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Reproductive Rights and the Millennium Development Goals

The world has made huge strides towards reaching the halfway point of the Millennium Development Goals (MDGs) in terms of reducing global poverty. However, there are many African countries that will likely fall short in women’s rights standards established by the United Nations. These countries include Nigeria, Sierra Leone, Djibouti, Senegal, and Guinea. Many of these areas are deemed the worst places in the world to live in and be a woman.

The women living in these African countries lack fundamental reproductive rights, like family planning, access to contraceptives, and health counseling. When a young woman unintentionally becomes pregnant, she and her child are at risk for numerous health complications. In addition to health risks, the unexpected child puts a severe financial strain on the mother and, if the mother is in school, increases the probability that she will drop out. Thus, reducing the likelihood that the woman will obtain a high paying job later in her life contributing to gender inequality.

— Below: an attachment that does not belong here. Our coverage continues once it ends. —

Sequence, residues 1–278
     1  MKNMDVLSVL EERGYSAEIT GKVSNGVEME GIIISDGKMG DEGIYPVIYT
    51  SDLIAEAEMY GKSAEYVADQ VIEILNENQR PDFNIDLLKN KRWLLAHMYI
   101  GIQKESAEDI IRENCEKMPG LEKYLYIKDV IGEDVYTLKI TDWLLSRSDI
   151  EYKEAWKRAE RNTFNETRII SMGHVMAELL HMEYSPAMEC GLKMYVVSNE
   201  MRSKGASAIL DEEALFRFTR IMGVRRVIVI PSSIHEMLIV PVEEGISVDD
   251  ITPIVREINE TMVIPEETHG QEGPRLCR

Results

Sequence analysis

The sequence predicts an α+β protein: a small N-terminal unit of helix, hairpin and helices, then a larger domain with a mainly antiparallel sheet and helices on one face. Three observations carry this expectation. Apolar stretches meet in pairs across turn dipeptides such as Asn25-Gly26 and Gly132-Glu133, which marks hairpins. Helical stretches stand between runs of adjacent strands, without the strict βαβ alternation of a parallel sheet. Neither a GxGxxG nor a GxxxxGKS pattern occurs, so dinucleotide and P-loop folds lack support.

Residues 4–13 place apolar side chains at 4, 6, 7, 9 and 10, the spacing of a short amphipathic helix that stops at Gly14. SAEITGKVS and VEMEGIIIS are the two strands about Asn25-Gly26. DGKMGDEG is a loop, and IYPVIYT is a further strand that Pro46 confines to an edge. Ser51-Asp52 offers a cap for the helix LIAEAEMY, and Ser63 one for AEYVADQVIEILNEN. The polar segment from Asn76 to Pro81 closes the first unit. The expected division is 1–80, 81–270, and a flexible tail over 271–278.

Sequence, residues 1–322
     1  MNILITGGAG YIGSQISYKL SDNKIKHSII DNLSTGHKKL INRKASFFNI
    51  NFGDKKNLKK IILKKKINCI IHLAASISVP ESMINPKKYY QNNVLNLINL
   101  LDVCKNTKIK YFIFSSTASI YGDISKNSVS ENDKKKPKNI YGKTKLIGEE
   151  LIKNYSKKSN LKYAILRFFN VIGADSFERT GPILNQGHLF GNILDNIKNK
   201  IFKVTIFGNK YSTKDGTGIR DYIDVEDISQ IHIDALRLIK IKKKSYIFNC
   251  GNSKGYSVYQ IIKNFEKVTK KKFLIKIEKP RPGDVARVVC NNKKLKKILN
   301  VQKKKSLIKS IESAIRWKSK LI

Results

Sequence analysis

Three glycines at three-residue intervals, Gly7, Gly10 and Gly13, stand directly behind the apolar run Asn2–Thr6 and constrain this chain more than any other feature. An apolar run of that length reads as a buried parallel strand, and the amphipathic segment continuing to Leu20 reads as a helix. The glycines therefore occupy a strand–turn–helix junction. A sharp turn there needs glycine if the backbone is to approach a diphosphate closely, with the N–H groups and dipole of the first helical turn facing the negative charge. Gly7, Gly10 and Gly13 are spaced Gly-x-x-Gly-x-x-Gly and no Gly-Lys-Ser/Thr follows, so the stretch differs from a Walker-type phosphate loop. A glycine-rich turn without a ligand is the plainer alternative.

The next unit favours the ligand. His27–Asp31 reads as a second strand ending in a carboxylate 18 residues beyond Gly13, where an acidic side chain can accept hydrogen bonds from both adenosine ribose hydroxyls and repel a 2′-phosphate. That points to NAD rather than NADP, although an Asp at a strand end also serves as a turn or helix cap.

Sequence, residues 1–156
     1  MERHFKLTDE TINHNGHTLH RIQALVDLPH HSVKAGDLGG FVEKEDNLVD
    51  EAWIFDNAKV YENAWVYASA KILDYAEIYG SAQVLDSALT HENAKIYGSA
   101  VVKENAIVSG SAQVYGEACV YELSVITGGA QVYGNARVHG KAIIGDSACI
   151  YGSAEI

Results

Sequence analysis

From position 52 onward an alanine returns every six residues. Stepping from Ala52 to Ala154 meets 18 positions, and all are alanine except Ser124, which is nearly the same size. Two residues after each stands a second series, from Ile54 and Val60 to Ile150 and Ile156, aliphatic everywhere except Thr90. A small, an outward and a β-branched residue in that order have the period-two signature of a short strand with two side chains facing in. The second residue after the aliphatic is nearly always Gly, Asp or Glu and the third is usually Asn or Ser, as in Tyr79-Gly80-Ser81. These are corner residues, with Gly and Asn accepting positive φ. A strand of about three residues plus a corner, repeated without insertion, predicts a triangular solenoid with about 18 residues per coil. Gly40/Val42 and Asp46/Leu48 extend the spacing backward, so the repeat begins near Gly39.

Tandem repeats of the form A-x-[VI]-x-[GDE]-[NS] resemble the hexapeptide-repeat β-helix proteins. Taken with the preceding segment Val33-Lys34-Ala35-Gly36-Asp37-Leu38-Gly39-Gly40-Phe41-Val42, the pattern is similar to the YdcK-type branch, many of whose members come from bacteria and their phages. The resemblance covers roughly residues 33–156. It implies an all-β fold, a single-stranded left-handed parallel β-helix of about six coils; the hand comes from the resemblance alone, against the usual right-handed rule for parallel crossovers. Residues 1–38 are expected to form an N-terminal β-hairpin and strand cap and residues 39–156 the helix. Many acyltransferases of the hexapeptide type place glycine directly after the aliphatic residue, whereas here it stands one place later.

Another aspect of reproductive rights is the prevention of sexually transmitted diseases (STDs). Without access to contraceptives, women are at risk for STDs as well as HIV and AIDS. When women have the right to use condoms, the spread of these diseases and viruses is reduced. Condom use will also decrease the number of orphans whose parents die from HIV and AIDS. In spite of all of these benefits reproductive rights have on women and on society in general, many countries still discourage it.

Culture and social norms play an important role in determining women’s rights in many of these African countries. These are complicated issues, but a key way to ensure that a country will change is through foreign investment. By investing in health and education for women, foreign aid organizations are creating a new generation of women who will fight for their rights and demand equality. Although some countries may not meet the MDGs by 2015, with the help of foreign investment, we may see women’s rights taking a huge step forward by 2030, when the UN plans to have ended global poverty.

– Mary Penn
Source: GBN
Photo: AJWS